Photograph by Michael Amsler
HOW DOES YOUR... Home food production is an 'entry-level' survival tactic, says Scott McKeown.
Cheer Up, It's Going to Get Worse
Transition communities gear up for society's collapse with a shovel and a smile
By Alastair Bland
Three years ago, David Fridley purchased two and a half acres of land in rural Sonoma County. He planted drought-resistant blue Zuni corn, fruit trees and basic vegetables while leaving a full acre of extant forest for firewood collection. Today, Fridley and several friends and family subsist almost entirely off this small plot of land, with the surplus going to public charity.
But Fridley is hardly a homegrown hippie who spends his leisure time gardening. He spent 12 years consulting for the oil industry in Asia. He is now a staff scientist at Lawrence Berkeley National Laboratory and a fellow of the Post Carbon Institute in Sebastopol, where members discuss the problems inherent to fossil-fuel dependency.
Fridley has his doubts about renewable energies, and he has grave doubts about the future of crude oil. In fact, he believes to a certainty that society is literally running out of gas and that, perhaps within years, the trucks will stop rolling into Safeway and the only reliable food available will be that grown in our backyards.
Fridley, like a few other thinkers, activists and pessimists, could talk all night about "peak oil." This catch phrase describes a scenario, perhaps already unfurling, in which the easy days of oil-based society are over, a scenario in which global oil production has peaked and in which every barrel of crude oil drawn from the earth from that point forth is more difficult to extract than the barrel before it. According to peak oil theory, the time is approaching when the effort and cost of extraction will no longer be worth the oil itself, leaving us without the fuel to power our transportation, factories, farms, society and the very essence of our oil-dependent lives. Fridley believes the change will be very unpleasant for many people.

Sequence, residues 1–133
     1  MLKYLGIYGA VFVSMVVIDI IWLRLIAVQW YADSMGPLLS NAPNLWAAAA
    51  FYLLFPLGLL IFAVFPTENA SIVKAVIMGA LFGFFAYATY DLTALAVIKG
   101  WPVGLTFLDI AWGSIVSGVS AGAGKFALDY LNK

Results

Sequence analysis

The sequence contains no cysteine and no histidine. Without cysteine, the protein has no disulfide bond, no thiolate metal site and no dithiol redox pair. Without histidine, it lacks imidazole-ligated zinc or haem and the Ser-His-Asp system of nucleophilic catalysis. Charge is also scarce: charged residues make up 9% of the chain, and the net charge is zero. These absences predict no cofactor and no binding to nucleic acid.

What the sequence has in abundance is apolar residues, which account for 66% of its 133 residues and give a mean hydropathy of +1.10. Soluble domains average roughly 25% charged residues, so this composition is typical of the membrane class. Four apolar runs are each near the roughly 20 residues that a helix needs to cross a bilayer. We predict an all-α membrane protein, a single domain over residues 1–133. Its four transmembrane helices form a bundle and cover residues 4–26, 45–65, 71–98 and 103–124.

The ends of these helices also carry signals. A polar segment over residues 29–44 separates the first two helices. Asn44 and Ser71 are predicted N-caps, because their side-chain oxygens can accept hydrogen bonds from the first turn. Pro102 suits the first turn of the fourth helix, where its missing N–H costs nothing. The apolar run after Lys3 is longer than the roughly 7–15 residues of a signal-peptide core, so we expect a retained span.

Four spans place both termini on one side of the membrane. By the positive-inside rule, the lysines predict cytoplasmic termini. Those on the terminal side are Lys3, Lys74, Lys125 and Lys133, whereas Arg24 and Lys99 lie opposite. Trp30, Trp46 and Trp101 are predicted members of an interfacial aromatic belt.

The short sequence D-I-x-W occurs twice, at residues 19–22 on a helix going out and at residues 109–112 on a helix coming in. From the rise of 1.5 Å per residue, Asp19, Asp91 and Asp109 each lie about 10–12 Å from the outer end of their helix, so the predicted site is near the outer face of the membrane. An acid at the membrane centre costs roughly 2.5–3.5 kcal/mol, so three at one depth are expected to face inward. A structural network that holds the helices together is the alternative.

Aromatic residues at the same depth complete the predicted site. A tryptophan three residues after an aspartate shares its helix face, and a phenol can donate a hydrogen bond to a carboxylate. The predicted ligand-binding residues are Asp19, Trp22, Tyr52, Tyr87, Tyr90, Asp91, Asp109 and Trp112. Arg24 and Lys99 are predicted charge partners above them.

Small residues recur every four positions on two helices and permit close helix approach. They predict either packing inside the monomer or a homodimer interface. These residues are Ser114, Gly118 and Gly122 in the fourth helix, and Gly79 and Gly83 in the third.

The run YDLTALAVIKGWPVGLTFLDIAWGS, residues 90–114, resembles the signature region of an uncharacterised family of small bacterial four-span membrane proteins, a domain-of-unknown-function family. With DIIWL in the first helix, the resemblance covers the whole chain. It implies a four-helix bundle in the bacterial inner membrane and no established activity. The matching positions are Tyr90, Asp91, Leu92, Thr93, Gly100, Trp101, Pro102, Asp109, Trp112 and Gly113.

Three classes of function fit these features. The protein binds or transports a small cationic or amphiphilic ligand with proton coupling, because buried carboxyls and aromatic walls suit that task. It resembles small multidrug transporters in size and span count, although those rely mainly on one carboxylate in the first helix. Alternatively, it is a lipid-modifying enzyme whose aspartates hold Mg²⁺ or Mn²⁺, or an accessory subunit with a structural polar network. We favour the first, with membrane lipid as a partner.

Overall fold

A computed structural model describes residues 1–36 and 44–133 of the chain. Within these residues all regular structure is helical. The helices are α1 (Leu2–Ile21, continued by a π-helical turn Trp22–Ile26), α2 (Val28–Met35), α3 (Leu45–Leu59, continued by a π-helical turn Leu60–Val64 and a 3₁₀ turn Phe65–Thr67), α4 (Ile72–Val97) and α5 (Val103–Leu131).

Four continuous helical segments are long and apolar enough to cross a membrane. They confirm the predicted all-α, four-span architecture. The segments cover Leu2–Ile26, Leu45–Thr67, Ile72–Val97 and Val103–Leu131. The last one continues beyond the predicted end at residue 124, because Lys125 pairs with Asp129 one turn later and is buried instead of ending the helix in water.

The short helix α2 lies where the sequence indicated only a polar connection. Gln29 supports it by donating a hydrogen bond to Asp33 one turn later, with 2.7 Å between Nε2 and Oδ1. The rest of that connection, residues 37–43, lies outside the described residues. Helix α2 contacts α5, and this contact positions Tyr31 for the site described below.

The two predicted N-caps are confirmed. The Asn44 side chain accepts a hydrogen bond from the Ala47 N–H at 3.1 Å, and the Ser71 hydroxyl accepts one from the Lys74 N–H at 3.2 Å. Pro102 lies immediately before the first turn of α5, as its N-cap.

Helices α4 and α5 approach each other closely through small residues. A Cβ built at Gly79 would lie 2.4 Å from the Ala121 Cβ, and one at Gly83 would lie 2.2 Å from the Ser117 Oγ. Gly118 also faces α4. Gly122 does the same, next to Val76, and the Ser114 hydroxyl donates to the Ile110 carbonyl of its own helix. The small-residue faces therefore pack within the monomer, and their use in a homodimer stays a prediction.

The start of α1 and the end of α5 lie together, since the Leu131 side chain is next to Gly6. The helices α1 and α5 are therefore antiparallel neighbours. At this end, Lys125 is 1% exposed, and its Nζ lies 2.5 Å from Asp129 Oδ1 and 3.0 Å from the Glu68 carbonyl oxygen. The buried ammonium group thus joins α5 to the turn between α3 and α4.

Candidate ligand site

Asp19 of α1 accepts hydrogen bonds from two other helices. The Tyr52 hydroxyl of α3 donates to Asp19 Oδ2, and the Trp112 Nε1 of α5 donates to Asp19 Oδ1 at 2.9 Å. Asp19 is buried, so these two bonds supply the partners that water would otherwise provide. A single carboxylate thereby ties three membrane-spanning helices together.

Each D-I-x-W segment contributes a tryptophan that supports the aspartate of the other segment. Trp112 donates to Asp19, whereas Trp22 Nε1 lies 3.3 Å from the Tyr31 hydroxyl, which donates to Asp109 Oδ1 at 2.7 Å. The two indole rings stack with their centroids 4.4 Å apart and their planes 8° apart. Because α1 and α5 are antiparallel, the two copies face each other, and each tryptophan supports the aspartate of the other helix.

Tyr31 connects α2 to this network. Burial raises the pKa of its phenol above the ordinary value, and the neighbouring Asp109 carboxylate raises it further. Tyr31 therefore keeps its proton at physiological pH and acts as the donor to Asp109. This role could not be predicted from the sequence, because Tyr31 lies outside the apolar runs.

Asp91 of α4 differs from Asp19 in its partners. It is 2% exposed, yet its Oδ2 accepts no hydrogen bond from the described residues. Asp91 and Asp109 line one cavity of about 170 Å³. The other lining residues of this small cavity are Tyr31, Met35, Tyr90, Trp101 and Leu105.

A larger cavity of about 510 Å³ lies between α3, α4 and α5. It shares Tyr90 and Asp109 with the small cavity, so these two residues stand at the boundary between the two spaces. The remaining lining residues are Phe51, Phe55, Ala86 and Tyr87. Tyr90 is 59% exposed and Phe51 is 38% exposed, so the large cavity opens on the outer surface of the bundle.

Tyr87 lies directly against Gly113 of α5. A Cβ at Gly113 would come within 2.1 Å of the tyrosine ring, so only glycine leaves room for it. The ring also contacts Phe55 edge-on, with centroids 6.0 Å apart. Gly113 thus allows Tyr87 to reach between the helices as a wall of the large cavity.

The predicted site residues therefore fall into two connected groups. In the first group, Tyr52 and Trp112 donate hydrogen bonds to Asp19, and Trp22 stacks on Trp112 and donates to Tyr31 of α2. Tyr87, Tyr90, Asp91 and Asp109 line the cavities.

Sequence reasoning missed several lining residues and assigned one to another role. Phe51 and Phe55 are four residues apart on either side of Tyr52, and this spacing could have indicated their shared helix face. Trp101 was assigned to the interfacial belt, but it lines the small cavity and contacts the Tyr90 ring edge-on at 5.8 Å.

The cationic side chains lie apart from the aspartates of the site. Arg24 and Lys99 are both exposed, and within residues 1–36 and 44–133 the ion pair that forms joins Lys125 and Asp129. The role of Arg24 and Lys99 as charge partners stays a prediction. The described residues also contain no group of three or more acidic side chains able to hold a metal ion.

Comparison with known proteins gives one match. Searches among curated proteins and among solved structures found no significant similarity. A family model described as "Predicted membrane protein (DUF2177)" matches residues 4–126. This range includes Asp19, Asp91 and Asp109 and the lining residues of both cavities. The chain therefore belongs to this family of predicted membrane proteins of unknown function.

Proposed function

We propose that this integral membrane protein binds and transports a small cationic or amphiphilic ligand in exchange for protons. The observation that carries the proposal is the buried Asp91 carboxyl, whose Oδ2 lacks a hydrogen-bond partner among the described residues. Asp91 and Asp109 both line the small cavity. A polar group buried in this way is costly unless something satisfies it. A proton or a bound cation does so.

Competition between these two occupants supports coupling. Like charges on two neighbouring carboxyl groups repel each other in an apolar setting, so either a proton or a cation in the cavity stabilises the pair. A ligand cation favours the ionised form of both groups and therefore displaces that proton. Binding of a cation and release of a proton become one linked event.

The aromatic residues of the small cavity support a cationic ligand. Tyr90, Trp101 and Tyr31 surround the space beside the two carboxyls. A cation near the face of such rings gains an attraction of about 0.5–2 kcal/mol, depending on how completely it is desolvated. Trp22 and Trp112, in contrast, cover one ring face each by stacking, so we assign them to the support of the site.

"If you are a typical American and have expectations of increasing income, cheap food, nondiscretionary spending, leisure time and vacations in Hawaii, then the change we expect soon could be what you would consider 'doom,'" he says soberly, "because your life is going to fall apart."
The Great Reskilling
But is it the end of the world?
Fridley and other supporters of the Transition movement don't believe it is. First sparked in 2007 in Totnes, England, Transition was launched when one Rob Hopkins recognized that modern Western society cannot continue at its current pace of life as fast access to oil begins to dwindle. Global warming and economic meltdown are the two other principle drivers of the Transition movement, but in an ideal "Transition Town," society would be ready for such changes.
With limited gas-powered transport or oil-based products, a Transition community's citizens would live within cycling distance of one another in a township built upon complete self-sufficiency, with extremely localized infrastructure for agriculture, clothes making, metal working and the other basics of life which the Western world largely abandoned to factories in the late 1800s, when oil power turned life into a relatively leisurely vacation from reality.
Now, Transitionists say, it's time to get back to work—and quick. Localized efforts have sprouted from the ground up in Santa Cruz, Cotati, Sebastopol, San Francisco and many other towns worldwide, where residents and neighbors are putting their heads together and collaborating on ways to relocalize themselves, bolster self-sufficiency and build the resilience that communities will need to absorb the shock of peak oil.
Scott McKeown is among several initiators of Transition Sebastopol. A 53-year-old event coordinator by vocation, McKeown believes that as early as 2012 the global economy could founder. "That's when it's really going to hit the fan," he says. "We're not there yet, but we will be very soon."
McKeown founded Peak Oil Sebastopol in late 2007 as a public discussion forum for what was then becoming a popular topic of relevance among social reformers. Yet Peak Oil Sebastopol eventually proved a bit too heavy on the talking for McKeown.
"I wanted to shift from a discussion group to an action-based effort," he explains. "Transition attracted me as a way in which we could actually begin doing something."
Transition Sebastopol was born in 2008 as the ninth Transition Town in the United States. Boulder was the first; Sandpoint, Idaho, the second. Today, 27 Transition Towns, also called Initiatives, have assumed life across the nation, and what began as an idea has become a concrete reality in which people are taking action. In particular, McKeown has seen tremendous community interest in the growing of food. Currently, the average parcel of food comes from untold distances away. The common estimate is 1,500 miles, though some experts assure that most food travels much farther.